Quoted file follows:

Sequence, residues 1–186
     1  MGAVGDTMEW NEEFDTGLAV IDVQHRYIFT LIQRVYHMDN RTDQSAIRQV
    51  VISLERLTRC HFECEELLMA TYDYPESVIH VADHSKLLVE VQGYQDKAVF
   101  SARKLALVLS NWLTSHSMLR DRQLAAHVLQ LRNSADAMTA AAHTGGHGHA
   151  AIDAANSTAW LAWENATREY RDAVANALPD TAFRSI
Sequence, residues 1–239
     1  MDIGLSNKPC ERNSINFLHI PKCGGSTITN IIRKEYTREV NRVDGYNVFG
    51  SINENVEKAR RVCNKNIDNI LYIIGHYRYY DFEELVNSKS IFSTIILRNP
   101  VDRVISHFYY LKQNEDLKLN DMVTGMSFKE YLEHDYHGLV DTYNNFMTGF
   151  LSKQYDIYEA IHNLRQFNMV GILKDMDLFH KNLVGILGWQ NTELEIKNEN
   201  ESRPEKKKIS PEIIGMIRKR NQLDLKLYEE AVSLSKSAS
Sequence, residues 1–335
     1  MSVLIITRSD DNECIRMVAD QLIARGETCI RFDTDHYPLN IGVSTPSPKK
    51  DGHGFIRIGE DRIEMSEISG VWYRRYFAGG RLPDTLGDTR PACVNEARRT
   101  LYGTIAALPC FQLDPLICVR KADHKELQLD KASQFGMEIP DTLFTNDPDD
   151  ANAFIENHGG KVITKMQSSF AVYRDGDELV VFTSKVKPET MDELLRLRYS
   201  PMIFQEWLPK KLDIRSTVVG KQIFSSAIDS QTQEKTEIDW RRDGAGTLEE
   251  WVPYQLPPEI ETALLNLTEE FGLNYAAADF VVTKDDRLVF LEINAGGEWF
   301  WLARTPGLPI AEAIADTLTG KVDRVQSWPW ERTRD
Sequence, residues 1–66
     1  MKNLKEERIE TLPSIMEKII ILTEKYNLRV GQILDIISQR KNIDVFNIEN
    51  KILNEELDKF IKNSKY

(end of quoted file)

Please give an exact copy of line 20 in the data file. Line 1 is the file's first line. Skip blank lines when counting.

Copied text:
Sequence, residues 1–66